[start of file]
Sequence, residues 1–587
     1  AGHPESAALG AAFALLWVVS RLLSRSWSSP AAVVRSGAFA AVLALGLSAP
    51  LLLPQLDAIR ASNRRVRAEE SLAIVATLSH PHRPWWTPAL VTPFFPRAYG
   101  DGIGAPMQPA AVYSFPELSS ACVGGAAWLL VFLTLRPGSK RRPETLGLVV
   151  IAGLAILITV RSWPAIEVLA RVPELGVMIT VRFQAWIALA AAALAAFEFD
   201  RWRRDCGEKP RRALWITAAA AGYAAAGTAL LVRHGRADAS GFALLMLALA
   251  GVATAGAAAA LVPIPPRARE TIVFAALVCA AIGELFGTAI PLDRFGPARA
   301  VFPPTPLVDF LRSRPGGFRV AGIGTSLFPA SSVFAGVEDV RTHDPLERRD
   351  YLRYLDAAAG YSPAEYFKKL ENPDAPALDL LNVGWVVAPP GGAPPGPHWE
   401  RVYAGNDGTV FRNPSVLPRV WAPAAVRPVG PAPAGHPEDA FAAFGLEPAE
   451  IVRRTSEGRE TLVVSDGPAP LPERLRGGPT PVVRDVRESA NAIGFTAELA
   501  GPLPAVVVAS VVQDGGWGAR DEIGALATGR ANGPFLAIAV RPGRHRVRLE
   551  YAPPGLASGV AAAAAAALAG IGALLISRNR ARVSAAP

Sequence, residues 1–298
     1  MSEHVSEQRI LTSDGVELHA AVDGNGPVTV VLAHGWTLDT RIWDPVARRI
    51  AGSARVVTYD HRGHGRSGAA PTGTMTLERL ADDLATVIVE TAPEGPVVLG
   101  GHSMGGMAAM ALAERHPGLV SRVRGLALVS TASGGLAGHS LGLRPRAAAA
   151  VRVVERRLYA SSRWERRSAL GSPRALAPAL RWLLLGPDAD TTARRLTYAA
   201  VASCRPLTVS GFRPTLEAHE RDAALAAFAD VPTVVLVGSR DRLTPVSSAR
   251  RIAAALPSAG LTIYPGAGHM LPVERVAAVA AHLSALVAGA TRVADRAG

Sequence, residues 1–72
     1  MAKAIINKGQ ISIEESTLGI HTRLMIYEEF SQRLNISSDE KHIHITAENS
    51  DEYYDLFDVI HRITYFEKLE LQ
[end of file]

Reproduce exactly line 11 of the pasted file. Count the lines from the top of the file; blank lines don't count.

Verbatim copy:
   451  IVRRTSEGRE TLVVSDGPAP LPERLRGGPT PVVRDVRESA NAIGFTAELA